We now witness the return of the phenomenon of dietary cholesterol, which is one of the most observed and controlled ingredients in the American cuisine, which results from the belief that it is directly linked to heart diseases. When the federal government modernizes the directions of what should be on our menu daily in order to maintain good health condition -- if it takes the advice of the Dietary Guidelines Advisory Committee -- cholesterol will no longer be on the list of our biggest concerns.
To clarify, this signifies that adults will be no longer advised to set the limit of cholesterol to 300 milligrams a day, resulting from the risk now being no longer associated to the increased risk of heart disease.
The new guidelines, which are about to be revealed in the next few weeks, do not just erase limits. However, this does not let us consume unlimited cholesterol-rich foods, but it does mean you can enjoy whole eggs in an omelet, instead of eating only the egg whites. Moderation is still encouraged, though.
The advice on this issue is treated as essential in the U.S. nutrition guidelines. The federal government struggles to update recommendations for what makes up a nutritious and healthful diet every 5 years.
Developing these guidelines is a formidable task, whose beginning is in expert scientific panels convening in small subcommittees to discuss the newest research in a particular area. They provide recommendations to the DGAC committee. The task of the committee is to prepare a report on the best scientific information available, and any changes discovered in newest time and in the particular scientific area.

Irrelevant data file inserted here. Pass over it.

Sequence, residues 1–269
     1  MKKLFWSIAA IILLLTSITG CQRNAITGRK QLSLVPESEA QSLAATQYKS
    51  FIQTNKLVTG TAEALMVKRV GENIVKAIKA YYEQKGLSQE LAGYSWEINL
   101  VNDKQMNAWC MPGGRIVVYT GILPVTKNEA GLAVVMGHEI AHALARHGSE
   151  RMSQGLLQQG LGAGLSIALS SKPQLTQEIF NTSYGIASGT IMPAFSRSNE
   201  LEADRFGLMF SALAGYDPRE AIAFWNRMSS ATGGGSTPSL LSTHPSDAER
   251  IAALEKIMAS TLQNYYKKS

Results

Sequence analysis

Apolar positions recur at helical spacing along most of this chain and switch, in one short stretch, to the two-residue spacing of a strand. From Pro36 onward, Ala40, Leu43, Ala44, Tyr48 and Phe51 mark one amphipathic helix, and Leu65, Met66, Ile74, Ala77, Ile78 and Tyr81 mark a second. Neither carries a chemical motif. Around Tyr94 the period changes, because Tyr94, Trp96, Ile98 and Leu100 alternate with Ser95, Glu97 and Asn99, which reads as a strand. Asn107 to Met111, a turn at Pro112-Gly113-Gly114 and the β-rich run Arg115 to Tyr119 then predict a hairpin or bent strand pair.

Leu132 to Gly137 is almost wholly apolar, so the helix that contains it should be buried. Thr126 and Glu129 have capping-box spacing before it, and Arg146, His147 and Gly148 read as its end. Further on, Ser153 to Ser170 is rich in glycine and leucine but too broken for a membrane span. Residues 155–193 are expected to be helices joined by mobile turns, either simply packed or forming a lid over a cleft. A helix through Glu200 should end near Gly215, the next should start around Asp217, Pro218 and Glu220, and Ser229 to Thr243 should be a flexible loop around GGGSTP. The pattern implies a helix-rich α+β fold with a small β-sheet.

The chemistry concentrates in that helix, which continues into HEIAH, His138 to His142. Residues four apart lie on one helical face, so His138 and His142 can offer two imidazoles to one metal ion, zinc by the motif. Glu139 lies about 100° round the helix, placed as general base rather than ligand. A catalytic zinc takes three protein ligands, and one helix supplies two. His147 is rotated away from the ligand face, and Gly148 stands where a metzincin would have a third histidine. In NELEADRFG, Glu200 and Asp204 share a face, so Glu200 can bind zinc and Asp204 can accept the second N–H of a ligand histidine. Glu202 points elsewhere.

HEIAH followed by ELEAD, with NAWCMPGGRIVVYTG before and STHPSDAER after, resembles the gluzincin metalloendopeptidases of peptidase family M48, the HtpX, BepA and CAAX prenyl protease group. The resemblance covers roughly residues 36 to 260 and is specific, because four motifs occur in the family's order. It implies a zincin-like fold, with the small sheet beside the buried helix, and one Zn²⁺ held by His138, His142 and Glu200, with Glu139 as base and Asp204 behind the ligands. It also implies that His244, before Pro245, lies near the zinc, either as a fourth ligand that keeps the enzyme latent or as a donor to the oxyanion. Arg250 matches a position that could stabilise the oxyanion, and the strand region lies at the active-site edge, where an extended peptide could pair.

It’s quite an unexpected change on the issue, but after reviewing new scientific papers, the DGAC committee, the major advisory panel to the U.S. government, did not find a health reason to restrict or limit intake to 300 mg a day for most people.
The question is: what does this suggest us on a daily basis? Not a thing yet. For one thing, the scientific panels found the average American appears to be consuming only about 160-250 mg a day anyway, based on self-reported information.
However, before making any changes in your diet, it is highly recommendable to visit consult your doctor. While the overall data suggests we don’t need to worry about too much cholesterol, some people experience health benefits from monitoring and limiting their daily intake.
Nevertheless, there will be a comments period of 45 days after the final guidelines from the DGAC are released, for anyone in the country to “weigh in.” Afterwards, the federal government will take the final report, and determine the course for 2015. Its report is expected to be communicated in the second half of the year.
Source: Healthy Food House